“The Semaphore came from a desire to make the mechanisms of digital communication visible to the naked eye,” says Ben. “As a piece of public art, I wanted the Semaphore to look graceful and well composed, but also mysteriously purposeful, evoking curiosity or fascination. Even if you have no idea what it is or what it’s doing, I hope the Semaphore suggests, just from the way it looks, that it is trying to communicate.”

While the mysterious Semaphore projects a futuristic, high-tech image, Ben was also drawing on some of the oldest of artistic traditions to create it. As he explains, “Historically, art and technology have never really been separated; from Pythagoras through da Vinci, from Robert Rauschenberg to Olafur Eliasson, there is an unbroken chain of artists deeply engaged with the latest science and technology of their respective times. In fact, it’s really only in the last couple of centuries that we’ve started to think of art and technology as separate.” In the Semaphore, these pieces come back together.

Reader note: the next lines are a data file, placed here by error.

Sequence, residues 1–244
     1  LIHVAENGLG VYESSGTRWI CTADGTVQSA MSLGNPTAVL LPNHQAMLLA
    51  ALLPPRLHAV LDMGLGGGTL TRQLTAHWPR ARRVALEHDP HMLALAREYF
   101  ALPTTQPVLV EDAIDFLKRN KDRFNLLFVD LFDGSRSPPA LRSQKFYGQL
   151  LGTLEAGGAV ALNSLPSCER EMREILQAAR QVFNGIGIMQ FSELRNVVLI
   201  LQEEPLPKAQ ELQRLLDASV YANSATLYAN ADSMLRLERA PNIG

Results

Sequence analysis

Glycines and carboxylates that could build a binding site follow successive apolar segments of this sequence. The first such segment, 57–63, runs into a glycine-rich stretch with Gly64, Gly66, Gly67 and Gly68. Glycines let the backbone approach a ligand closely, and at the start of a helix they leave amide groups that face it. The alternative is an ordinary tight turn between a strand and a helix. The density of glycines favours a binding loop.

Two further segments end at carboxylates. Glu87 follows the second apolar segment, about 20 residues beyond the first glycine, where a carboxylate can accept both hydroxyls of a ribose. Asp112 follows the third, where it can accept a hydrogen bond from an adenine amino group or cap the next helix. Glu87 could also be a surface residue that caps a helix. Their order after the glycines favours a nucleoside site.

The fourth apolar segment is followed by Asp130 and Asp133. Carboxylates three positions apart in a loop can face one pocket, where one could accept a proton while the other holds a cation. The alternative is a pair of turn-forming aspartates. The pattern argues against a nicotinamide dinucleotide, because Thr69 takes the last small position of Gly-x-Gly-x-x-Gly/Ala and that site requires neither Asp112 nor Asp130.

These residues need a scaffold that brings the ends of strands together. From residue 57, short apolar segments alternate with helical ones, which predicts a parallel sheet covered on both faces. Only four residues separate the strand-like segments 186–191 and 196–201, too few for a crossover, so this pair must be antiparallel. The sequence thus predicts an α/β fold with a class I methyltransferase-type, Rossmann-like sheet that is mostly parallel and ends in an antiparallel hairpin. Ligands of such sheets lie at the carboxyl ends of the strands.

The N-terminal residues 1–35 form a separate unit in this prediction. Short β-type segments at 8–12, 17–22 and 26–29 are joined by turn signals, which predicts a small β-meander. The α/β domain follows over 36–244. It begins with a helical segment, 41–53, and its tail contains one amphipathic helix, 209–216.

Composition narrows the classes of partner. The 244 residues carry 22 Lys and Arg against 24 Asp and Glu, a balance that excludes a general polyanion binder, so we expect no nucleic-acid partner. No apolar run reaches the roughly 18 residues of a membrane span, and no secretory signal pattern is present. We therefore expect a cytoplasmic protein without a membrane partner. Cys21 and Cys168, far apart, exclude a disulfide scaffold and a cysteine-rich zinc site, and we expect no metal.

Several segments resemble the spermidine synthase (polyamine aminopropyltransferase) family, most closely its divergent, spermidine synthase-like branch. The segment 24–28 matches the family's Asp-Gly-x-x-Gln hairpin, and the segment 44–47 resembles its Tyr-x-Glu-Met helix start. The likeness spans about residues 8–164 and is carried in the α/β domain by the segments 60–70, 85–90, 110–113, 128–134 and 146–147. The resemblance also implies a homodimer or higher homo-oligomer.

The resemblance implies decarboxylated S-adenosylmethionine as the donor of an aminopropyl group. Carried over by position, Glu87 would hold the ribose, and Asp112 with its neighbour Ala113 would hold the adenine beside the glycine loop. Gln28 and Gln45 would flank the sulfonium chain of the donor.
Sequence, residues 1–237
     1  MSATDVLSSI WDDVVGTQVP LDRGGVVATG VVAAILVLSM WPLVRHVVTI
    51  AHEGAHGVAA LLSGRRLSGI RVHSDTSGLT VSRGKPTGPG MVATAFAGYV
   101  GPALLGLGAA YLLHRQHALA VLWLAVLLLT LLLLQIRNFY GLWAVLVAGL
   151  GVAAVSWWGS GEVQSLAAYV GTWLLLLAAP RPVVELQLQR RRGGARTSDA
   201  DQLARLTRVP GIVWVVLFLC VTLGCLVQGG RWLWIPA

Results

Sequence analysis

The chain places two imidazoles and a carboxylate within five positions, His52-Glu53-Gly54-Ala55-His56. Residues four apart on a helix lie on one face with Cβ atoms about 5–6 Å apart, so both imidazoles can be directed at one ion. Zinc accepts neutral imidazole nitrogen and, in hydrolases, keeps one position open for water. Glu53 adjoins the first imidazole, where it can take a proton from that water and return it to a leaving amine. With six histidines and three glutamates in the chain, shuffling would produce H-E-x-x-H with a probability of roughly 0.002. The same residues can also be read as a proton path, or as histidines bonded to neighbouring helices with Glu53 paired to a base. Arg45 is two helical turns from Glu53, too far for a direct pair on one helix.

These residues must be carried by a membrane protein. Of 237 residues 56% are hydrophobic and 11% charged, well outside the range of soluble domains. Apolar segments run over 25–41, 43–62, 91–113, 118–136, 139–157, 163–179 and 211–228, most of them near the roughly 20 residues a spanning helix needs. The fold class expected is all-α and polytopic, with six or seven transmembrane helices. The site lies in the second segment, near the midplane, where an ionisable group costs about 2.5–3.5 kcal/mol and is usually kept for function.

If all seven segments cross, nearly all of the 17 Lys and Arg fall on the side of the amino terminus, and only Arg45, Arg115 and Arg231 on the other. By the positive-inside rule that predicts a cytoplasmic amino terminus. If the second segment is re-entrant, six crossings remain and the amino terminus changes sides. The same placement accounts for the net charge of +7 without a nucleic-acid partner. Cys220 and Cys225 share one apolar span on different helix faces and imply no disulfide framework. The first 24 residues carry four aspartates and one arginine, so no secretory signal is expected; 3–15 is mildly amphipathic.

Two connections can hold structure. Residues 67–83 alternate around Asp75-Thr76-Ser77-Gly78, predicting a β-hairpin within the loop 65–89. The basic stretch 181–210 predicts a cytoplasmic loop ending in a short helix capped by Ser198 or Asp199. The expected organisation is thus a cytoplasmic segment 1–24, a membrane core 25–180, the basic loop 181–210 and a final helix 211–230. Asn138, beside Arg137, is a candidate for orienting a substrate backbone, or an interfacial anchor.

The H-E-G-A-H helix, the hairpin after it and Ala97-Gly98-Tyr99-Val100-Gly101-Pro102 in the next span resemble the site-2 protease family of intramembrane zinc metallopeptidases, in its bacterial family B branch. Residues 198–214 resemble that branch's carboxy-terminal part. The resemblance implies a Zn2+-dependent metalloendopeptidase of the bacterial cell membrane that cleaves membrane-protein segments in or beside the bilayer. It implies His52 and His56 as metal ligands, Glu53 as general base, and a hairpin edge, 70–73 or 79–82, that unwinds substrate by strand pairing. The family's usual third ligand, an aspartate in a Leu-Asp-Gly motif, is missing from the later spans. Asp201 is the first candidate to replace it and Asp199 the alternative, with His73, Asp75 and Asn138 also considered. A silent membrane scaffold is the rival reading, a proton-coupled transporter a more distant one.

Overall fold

A Prize, and Another Mystery on the Horizon

The prize for solving the SJ Semaphore includes some pretty amazing bragging rights and a one-year subscription to Creative Cloud. Jimmy wanted his students to share his prize, so he requested to donate his subscription to Powell High School where he teaches. We decided to sweeten the deal with 40 one-year Creative Cloud subscriptions and a 3D printer to help the students push the boundaries of creativity even further.

Never heard of the SJ Semaphore until now? No worries – a new code will be up later this summer: “The Semaphore is intriguing to people — they’re captivated by those mysterious spinning dials,” says Siri Lackovic, Adobe senior brand strategist. “And we can’t wait for Ben to begin broadcasting a new challenge. The only thing I can reveal is that, with the next code, there will be new twists and surprises. Will it be another four-and-a-half years before someone solves it? That’s something no one knows.”